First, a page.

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Sisters Sue Dad Over College Tuition Promise

By Aditi Mukherji, JD | Last updated on

Four sisters are suing their dad over college tuition. The alleged deadbeat doctor dad supposedly reneged on a promise to pay for his youngest daugher's college education, according to court documents.

Nora, Magdalena, Ina and Lola Kelleher filed the lawsuit against their father, Daniel Kelleher, a child psychologist based in Connecticut, reports the New York Post.

Leave it to a child psychologist's kids to sue a parent, right?

Issues With Dad

The lawsuit alleges Daniel Kelleher promised to give his daughters his Paris apartment and half of a checking account he shared with their mother, Sylvie Furstenberg, his ex-wife. The apartment generates rental income of about $2,600 a month.

Nora, Magdalena and Ina further agreed to give their portions of the income from the Paris apartment to pay for half of youngest sister Lola's tuition at Oberlin College, the suit asserts. Pretty generous sisters!

The other half of Lola's tuition was supposed to be paid for by their father, the lawsuit alleges. They even signed documents enshrining an agreement last June.

But the daughters say Dr. Dad never paid up. They claim he "breached his contract with [his daughters] by failing and refusing to perform in good faith his obligation to transfer the monthly rental income less any maintenance charges from the Paris apartment for the months of July and August 2012 to his four daughters," according to court filings.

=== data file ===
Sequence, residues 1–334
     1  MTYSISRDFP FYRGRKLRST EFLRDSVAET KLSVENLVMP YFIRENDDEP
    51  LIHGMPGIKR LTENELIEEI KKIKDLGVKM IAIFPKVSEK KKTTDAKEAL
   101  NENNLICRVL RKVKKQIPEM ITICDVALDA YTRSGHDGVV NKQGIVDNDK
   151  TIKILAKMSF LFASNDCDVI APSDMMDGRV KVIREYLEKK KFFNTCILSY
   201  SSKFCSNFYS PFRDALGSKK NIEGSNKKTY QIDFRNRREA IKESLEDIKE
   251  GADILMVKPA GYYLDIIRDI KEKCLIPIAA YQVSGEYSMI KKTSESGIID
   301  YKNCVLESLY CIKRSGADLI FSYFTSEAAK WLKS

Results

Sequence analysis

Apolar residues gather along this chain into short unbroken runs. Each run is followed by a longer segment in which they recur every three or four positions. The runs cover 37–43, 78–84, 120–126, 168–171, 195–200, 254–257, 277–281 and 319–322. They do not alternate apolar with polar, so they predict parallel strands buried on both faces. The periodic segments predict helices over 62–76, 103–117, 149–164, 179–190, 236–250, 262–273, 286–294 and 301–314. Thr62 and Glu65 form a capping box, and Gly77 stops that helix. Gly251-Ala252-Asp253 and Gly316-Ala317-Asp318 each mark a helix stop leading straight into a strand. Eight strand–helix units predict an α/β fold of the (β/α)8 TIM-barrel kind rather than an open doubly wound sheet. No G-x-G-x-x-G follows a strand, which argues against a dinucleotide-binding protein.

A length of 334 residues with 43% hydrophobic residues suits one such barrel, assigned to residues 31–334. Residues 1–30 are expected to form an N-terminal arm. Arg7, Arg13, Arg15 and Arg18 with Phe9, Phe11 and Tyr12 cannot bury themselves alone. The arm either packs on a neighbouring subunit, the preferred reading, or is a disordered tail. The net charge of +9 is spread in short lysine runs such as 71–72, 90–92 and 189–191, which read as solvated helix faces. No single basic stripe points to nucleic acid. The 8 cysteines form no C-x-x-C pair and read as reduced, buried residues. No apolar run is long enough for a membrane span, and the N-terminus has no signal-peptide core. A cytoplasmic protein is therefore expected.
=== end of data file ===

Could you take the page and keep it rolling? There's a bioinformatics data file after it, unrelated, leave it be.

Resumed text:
Enforceable Contract?

As a general rule of thumb, try to avoid having the courts act as a mediator in your family affairs. Courts are reluctant to get involved in family disputes without evidence of abuse or extreme behavior.

There are laws that provide that parents shall not abuse or neglect their children. And parents are expected to feed, clothe, and shelter their children or face potential criminal charges.

Other than those situations, courts generally like to respect parents' ways of child rearing.

But this situation is unique since there was an actual contract drafted. From loaning money to tween cell phones, inter-familial contracts do exist. Love for your children might be unconditional, but finances on the other hand...

It will certainly be interesting to see how the court rules on the enforceability of contracts made between parents and children, especially on issues like college tuition.

If the court ends up ruling that the contract is enforceable, get ready Mom and Dad. Little Timmy might try to wheel and deal with you next.

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